An administrative review of permanent residence applications by the Cayman Islands Immigration Department that took place over two days last week ended with 12 out of 13 people being denied that status.

Another five residency applications were deferred during July 25 and July 26, according to immigration records.

The applications, requesting that the individuals involved be allowed to remain in Cayman for the rest of their lives, were heard by immigration administrative staffers operating under the authority of the chief immigration officer.

The revised Immigration Law approved in October 2013 allowed, for the first time, immigration officials to decide on permanent residency applications. Previously, the Caymanian Status and Permanent Residency Board was required to hear all of those cases.

The difficulty with having the board hear all the applications is that a backlog of residency cases, building since the law was changed in late 2013, had grown to more than 1,100 people by last month. A Cayman Compass analysis of the numbers found that it would take the board more than three years to get through the old applications at its current rate.

The hiring of six new administrative staffers to review the applications, announced last month, allowed another 20 residency applications to be heard over two days. Government officials said, ultimately, the plan is to have administrators work three days per week to resolve the backlog.

“With the administrators working three days a week, along with the work done by the board, the total number of applications being processed weekly will obviously be increasing,” Ministry of Immigration Chief Officer Wesley Howell said.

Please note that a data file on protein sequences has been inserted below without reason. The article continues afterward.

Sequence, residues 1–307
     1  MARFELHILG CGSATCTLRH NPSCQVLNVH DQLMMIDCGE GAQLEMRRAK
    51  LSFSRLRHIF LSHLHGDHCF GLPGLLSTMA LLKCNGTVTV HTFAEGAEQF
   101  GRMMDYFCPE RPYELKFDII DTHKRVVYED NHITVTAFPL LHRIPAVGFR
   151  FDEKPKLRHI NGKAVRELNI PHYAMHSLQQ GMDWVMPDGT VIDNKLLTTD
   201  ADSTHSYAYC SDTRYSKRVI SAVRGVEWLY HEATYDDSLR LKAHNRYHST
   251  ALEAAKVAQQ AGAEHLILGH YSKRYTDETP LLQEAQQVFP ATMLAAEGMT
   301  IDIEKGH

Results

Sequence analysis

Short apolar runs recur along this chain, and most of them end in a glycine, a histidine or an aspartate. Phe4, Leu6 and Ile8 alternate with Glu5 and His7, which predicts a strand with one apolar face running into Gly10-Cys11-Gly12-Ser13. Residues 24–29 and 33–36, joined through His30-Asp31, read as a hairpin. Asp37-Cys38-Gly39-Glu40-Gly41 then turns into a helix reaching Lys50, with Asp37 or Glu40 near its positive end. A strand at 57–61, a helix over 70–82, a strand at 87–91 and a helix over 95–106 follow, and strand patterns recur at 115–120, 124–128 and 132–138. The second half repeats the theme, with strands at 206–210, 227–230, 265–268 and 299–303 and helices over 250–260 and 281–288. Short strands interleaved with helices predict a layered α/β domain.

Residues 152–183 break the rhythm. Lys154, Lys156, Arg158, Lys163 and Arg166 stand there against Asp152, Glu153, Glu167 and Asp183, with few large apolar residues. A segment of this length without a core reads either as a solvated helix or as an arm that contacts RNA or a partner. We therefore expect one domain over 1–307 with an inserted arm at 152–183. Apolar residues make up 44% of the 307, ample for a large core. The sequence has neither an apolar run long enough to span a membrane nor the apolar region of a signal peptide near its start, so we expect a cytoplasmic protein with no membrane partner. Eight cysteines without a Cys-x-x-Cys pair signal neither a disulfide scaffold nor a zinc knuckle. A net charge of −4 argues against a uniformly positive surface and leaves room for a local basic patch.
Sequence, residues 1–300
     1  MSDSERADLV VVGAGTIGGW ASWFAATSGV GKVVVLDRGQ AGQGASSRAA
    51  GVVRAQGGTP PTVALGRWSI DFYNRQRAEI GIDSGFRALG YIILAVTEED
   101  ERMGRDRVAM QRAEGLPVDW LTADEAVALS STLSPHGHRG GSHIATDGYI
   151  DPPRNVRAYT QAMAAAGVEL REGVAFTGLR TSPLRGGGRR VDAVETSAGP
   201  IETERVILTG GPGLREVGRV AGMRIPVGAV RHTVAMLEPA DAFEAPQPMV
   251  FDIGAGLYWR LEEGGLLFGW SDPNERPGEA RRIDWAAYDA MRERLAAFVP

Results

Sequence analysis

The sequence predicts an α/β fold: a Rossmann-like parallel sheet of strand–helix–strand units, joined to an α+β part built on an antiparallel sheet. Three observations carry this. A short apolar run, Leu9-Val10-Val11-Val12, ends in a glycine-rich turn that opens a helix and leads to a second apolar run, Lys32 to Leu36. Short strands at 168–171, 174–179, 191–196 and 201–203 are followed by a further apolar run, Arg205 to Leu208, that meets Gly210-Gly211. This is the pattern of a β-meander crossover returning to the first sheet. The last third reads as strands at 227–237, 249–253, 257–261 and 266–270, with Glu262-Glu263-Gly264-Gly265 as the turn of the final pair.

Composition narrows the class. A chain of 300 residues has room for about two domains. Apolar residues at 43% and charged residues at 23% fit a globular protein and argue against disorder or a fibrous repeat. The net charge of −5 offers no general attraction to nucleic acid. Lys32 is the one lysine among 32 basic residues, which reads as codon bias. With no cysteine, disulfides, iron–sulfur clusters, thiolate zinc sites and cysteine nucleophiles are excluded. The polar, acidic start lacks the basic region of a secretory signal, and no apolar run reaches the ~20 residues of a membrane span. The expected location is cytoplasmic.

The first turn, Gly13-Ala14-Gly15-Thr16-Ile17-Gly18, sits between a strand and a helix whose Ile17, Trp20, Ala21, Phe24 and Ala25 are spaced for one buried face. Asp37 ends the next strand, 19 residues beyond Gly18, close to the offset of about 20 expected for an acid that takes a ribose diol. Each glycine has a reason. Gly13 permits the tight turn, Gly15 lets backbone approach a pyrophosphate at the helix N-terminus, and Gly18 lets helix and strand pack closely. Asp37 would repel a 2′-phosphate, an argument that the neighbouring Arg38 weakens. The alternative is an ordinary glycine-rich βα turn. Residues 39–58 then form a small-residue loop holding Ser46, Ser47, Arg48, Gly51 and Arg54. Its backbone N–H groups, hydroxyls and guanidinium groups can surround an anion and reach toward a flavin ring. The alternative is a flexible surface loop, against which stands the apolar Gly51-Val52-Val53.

Before last week, the Caymanian Status and Permanent Residency Board had heard all of the applications filed by individuals seeking residency since October 2013. It had only managed 10 per week, with about half of that number being deferred – delay until another meeting.

As of last week, 73 applications had been reviewed since May, with 14 having been granted, 28 refused and 22 deferred. Six others were withdrawn by the applicant and three applications were filed to late and could not legally be considered.

Mr. Howell has said the process for hearing residency applications can be quite involved, with hundreds of pages of documents to review. If more information is needed, the board of the Immigration Department has to contact the applicant and request more details before completing the process.

Premier Alden McLaughlin said Wednesday that resolving delays with the outstanding applications remains a top priority for his coalition government administration.

“I applaud the team’s dedication in doubling the amount of applications reviewed, but also committing themselves to meeting now three days a week to increase productivity,” Mr. McLaughlin said.

As of last month, eight applicants for resident status had filed legal challenges in the Grand Court, seeking damages against government following multi-year delays in hearing their cases. Three of those challenges resulted in the applicant being granted PR status, five others are still outstanding.

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